Josh Eidelson at The Nation shines a spotlight on how the Teamsters fight misclassification of drivers at the ports. He writes:
A rare union election victory in New Jersey and a battery of wage theft complaints in California represent the latest steps in the Teamsters union’s effort to transform port trucking, a growing industry in which most workers aren’t considered employees under the law...
Port truckers carry freight from the nation’s ports to chains like Walmart and Starbucks. Since trucking deregulation during the Carter administration, most such workers have been classified as “independent contractors,” a growing category of American workers who aren’t legally anyone’s employees. The International Brotherhood of Teamsters alleges that over 80 percent of port truckers are misclassified—wrongly denied “employee” status.
...port truckers charge that their status comes with all the downsides of employment—the companies they work for set their compensation and regulate their work—and little of the upside. Most port truckers pay for their trucks (sometimes leasing them from their bosses) and the fees and upkeep costs that come with them, get paid nothing for the extra time they spend idling in traffic and have no legal right to unionize. Such a “Who’s the boss?” problem has become increasingly prevalent for US workers, as increasing numbers are cast among the ranks of temps, informal workers or independent contractors lacking the legal rights of employees—including collective bargaining.Along with Change to Win, Eidelson writes, we:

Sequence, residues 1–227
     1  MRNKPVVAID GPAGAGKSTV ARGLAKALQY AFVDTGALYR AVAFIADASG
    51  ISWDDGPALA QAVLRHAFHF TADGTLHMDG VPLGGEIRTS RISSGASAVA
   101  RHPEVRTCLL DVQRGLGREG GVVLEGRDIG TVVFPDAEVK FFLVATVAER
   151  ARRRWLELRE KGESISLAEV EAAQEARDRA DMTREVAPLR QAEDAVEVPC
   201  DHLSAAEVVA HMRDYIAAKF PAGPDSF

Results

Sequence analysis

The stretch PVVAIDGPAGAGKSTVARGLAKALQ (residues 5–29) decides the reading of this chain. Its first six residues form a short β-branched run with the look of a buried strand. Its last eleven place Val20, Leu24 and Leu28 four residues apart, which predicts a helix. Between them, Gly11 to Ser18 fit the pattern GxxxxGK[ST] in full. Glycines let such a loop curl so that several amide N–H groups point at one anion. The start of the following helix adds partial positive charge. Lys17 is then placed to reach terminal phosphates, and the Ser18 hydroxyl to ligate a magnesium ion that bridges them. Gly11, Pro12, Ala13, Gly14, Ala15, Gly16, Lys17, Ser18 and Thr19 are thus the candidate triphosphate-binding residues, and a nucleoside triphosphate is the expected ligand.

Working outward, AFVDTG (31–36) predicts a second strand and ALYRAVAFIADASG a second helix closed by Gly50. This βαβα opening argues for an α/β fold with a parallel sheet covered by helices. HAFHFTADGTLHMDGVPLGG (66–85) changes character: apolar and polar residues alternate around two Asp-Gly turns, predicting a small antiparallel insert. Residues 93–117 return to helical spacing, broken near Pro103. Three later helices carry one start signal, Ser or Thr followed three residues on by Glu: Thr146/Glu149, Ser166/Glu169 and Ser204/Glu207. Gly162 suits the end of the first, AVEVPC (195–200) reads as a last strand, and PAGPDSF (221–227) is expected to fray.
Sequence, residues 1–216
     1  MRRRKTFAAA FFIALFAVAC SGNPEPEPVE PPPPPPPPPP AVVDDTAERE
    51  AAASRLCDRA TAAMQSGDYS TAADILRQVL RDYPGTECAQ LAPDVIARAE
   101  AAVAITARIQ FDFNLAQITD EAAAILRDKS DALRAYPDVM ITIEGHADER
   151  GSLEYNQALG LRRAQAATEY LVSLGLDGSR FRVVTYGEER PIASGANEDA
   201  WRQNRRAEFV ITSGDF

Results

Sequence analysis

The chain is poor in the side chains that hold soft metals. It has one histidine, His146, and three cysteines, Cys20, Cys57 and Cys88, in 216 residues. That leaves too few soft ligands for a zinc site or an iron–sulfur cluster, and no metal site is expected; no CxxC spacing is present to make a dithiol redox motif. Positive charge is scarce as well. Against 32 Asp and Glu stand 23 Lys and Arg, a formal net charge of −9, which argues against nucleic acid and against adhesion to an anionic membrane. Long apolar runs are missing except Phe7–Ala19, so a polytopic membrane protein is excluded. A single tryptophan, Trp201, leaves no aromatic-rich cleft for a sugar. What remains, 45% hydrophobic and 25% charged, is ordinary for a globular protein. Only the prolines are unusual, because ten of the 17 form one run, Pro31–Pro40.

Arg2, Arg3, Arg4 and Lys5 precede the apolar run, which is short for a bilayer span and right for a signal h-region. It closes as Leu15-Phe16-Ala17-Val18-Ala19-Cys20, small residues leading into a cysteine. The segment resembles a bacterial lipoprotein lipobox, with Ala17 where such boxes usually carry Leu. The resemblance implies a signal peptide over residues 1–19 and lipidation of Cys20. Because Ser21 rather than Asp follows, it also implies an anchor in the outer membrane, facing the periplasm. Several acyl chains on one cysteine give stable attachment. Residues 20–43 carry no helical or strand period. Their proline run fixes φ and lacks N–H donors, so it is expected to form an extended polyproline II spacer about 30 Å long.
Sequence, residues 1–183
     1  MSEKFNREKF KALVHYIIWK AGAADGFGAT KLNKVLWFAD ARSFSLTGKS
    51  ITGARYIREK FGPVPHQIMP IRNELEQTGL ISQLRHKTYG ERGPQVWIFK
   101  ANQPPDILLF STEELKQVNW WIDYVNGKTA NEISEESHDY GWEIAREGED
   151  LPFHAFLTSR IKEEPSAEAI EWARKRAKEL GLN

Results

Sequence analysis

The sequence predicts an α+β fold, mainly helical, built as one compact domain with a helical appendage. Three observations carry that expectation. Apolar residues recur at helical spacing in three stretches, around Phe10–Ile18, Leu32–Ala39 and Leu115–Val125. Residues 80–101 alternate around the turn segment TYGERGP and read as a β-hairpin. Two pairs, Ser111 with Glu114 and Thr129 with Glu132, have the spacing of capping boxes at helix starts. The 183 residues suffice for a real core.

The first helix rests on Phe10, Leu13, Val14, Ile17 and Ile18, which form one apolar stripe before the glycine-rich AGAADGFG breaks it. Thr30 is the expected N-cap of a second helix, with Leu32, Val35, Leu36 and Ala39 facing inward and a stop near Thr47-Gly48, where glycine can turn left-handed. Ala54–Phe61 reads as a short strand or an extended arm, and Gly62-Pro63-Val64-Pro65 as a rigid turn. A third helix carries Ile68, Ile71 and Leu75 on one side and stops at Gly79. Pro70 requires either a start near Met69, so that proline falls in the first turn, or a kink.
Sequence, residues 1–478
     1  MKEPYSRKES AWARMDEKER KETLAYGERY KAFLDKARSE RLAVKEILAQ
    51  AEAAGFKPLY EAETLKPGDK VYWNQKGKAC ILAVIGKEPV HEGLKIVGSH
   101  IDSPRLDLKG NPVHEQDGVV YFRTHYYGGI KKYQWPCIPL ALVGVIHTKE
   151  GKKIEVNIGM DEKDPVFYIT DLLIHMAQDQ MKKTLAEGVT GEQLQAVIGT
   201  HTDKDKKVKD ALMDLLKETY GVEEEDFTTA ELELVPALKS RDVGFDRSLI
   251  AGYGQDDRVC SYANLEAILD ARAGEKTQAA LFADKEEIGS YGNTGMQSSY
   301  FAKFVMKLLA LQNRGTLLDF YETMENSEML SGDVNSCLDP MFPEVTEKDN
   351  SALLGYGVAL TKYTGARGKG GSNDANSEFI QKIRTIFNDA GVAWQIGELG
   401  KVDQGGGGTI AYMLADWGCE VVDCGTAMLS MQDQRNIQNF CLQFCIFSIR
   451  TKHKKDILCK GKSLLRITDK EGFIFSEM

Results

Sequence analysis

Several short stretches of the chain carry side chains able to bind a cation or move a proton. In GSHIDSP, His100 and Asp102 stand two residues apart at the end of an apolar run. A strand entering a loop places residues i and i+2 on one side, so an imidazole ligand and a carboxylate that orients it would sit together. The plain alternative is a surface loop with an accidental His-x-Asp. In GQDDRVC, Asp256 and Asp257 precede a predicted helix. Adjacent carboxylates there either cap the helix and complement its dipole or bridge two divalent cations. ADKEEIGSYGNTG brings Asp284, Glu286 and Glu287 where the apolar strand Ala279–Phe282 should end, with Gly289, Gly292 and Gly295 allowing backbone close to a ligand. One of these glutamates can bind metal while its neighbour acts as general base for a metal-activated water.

...attacked the port trucking status quo on multiple fronts: legal charges against companies, lobbying for state law changes and stepped-up federal enforcement and organizing efforts among both drivers with legal unionization rights and those without them.We also organized drivers for Australia-based Toll Group at the Port of Los Angeles last year and at the Port of Newark last week. Writes Eidelson:
Both campaigns turned ugly; the Teamsters allege Toll fired union supporters in Los Angeles in an effort to intimidate workers. During regular anti-union meetings in New Jersey, said driver Fred Schmitt, “they tried to lie, to discourage us from voting in the union.” But he said that the California victory “made it a little bit easier for us to organize here.”
After winning the Los Angeles election, the Teamsters accused Toll of dragging its feet in negotiations. Toll and the Teamsters reached a contract deal there after the union mobilized support from Australian union members, mounted “practice pickets” to show their willingness to strike and leafleted to customers of the Toll client Under Armour with a message accusing Toll of “degrading its U.S. workers.”
Read the whole story here.